By Josh Richman
California Gov. Jerry Brown and Pope Francis each might see a bit of himself in the other when they cross paths this week at a Vatican symposium on climate change and human trafficking.
Born less than two years apart, the governor and the pontiff share a Jesuit Catholic background that calls for "discernment" -- spiritual introspection on one's destined mission in life. And for now, both have discerned that battling climate change is part of that mission.
"I'm very impressed with Pope Francis and where he's taking the church -- I see the hand of Jesuit training and inspiration in what he's doing," Brown, who studied to be a Catholic priest before deciding his true calling was politics, said in an interview with this newspaper before he left for Italy.
"The pope is engaging in moral authority and calling people to reflect on the basis of those considerations," he said. "This is desperately needed to counteract the iron logic of the marketplace, which is only dealing with profit."
San Jose Mayor Sam Liccardo and San Francisco Mayor Ed Lee also will travel to the Vatican for the symposium, two of five U.S. mayors who were invited to speak. They're making the trip one month after Pope Francis issued an encyclical on the environment, including his call for a partnership between science and religion to combat human-driven climate change. The symposium also comes a few months before world leaders convene in Paris for the United Nations Climate Change Conference.
"To achieve anything in Paris, we'll need grass-roots efforts by religious leaders and states and provinces," said Brown, who during his latest terms as governor has become an international proselytizer for action against climate change. "We need to work together to intensify the pressure on these national leaders to get more done than is currently on their respective agendas."
Pope Francis' leadership is key in a "very reactive business" like politics, he added. "The Catholic Church has a unique ability to emphasize the importance of the environment. Very little attention is paid to the natural environment in the way Francis pays attention."
The two-day event, hosted by the Pontifical Academies of Sciences and Social Sciences, aims to drive local awareness, dialogue and action on climate change and modern slavery, two pressing issues highlighted in the pope's recent encyclical. Brown will attend sessions on "Modern Slavery and Climate Change: The Commitment of the Cities" on Tuesday, as well as Wednesday's sessions on "Prosperity, People and Planet: Achieving Sustainable Development in Our Cities."
Brown's and Pope Francis' similar age -- the governor is 77, the pontiff 78 -- and Jesuit backgrounds gives them "an interesting sense of generation," said the Rev. Michael Russo, a professor at St. Mary's College of California in Moraga and an expert on the Catholic influence on U.S. politics. "They're of a similar mindset with regard to incremental change, not only for a state and nation but in Pope Francis' job, global change.
"In that sense, I think they're very complementary," Russo said, adding that the pope hasn't hesitated to call out political leaders whom he believes don't properly represent those they're elected to serve. "He's deliberative as a leader and -- a little bit like Jerry Brown -- drives everybody crazy equally."
One hot California issue the pope and Brown probably won't be talking about it is the pontiff's upcoming canonization of Father Junipero Serra, who critics say enslaved, brutalized and forcibly converted Native Americans while establishing the California missions.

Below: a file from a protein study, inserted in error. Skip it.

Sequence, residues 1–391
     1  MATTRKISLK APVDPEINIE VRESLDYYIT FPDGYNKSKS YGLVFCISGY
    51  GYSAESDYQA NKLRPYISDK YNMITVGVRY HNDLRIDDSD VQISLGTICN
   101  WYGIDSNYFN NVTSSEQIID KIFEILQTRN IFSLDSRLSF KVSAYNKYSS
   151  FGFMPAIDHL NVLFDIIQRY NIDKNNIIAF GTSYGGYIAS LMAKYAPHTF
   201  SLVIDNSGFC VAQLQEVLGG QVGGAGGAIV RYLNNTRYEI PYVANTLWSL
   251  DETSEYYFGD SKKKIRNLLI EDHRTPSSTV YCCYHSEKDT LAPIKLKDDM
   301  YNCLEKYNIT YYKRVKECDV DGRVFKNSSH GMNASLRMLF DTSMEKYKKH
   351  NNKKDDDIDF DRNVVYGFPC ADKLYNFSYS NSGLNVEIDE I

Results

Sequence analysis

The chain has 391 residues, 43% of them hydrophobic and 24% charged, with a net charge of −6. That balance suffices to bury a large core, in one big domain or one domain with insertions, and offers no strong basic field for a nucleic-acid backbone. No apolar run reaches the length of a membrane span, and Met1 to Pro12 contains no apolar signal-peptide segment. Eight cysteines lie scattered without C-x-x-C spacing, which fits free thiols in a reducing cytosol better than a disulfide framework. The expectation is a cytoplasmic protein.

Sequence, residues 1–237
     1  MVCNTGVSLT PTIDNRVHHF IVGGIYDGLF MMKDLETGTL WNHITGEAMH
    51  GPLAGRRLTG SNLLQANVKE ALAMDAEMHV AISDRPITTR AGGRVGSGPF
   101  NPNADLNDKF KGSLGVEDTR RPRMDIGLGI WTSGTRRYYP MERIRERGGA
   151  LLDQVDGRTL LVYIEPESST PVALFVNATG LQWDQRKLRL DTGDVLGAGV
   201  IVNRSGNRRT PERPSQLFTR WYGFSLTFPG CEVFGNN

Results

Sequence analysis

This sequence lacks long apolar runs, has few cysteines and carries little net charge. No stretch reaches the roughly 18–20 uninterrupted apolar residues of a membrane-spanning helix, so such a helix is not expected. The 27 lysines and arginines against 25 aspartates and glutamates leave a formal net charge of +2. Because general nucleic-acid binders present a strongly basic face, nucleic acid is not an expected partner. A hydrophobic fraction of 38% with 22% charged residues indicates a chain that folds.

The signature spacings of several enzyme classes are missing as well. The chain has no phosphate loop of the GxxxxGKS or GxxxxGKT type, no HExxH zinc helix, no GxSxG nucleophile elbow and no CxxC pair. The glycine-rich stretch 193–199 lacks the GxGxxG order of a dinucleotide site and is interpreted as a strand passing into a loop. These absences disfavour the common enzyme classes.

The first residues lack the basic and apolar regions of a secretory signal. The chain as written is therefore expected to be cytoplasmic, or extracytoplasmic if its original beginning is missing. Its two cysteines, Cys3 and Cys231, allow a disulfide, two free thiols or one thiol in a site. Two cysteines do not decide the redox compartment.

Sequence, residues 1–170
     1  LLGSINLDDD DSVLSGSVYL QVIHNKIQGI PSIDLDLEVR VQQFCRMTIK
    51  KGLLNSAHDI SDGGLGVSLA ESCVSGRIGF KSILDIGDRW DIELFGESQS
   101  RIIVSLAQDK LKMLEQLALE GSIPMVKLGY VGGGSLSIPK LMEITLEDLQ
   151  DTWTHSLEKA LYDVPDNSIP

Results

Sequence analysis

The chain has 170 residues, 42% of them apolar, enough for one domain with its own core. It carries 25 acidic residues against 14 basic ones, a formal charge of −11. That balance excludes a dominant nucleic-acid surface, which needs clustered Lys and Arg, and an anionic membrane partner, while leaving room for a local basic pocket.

Brown has supported the controversial canonization. But Valentin Lopez, chairman of the 550-member Amah Mutsun Tribal Band of Costanoan/Ohlone Indians, on Friday wrote Brown a lengthy, sharply worded letter saying "it is time to remove the symbol of Junipero Serra and the missions from places of honor and respect in California history."
Brown in January called Serra "a very courageous man and one of the innovators and pioneers of California," but acknowledged the priest's legacy involved "horrible devastation of the native peoples."
State taxpayers won't be picking up the tab for Brown's trip, spokesman Gareth Lacy said Friday, though one exception might be security provided by the California Highway Patrol.
Mayors from around the world, meanwhile, will get a 30-minute audience with the pope Tuesday.
Lee issued a statement saying he's eager to "share how San Francisco has reached and exceeded aggressive climate change goals even while growing the economy and seeing increases in our population."
Liccardo will take part in a panel on urban inequality, human development and social inclusion, along with the mayors of Accra, Ghana; Stockholm, Sweden; Medellin, Colombia; and Libreville, Gabon, as well as the former mayor of Barcelona, Spain.
A lifelong practicing Catholic, Liccardo said it's a once-in-a-lifetime opportunity to see Pope Francis, whom Liccardo said he admires greatly. "It may mean I'm in a room with 500 people, or it may mean I get to meet him," Liccardo said. "I'd like to be able to say I'm going to have wine with Pope Francis, but I don't think that's the case.
"I'm greatly appreciative for Pope Francis' emphasis on social inclusion and social justice, and his message has resonated certainly with me but as well with millions of Catholics and non-Catholics," the mayor said. He said that taxpayers won't be funding the trip, but he hopes the city will benefit nonetheless.
"Every time I engage with colleagues from big cities throughout the country or the world," Liccardo said, "I always learn one or two things that I'm able to bring back."
And, he added with a chuckle, "hopefully it gives me a couple more points to get into heaven."
(c)2015 The Oakland Tribune